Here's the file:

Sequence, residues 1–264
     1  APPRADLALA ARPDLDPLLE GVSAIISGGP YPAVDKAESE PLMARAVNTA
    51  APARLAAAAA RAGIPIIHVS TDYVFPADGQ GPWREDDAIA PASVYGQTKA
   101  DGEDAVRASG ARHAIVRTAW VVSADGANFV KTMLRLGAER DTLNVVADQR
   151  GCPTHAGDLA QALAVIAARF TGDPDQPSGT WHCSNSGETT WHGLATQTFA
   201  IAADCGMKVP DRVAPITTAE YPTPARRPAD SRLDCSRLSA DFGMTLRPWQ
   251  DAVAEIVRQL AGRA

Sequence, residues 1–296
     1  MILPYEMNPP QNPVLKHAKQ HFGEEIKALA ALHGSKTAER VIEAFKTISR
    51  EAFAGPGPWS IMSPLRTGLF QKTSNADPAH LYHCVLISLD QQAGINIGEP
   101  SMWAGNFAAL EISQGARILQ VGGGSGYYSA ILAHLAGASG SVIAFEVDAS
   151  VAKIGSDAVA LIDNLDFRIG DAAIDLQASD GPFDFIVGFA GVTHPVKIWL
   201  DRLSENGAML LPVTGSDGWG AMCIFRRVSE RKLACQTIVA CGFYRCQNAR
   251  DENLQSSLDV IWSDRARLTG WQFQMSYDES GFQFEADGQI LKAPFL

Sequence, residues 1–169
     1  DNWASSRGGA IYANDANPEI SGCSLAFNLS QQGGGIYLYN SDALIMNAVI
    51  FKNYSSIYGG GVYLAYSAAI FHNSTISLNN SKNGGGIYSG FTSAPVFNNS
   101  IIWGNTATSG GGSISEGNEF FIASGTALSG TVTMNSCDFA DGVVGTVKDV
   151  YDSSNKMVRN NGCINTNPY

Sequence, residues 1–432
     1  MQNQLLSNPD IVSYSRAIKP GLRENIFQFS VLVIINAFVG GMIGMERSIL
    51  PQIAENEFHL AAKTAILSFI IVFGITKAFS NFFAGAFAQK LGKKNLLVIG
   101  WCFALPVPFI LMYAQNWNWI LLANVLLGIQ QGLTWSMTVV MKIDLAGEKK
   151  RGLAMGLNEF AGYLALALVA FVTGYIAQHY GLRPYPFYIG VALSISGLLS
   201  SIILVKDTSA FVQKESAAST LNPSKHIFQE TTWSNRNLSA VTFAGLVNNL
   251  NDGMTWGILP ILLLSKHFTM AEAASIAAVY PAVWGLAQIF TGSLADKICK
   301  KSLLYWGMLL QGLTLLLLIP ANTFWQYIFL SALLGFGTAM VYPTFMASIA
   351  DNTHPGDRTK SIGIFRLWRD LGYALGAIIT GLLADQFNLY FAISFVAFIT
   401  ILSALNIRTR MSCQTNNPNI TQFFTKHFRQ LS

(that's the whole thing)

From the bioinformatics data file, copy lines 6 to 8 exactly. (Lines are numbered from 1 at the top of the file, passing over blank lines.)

   201  IAADCGMKVP DRVAPITTAE YPTPARRPAD SRLDCSRLSA DFGMTLRPWQ
   251  DAVAEIVRQL AGRA

Sequence, residues 1–296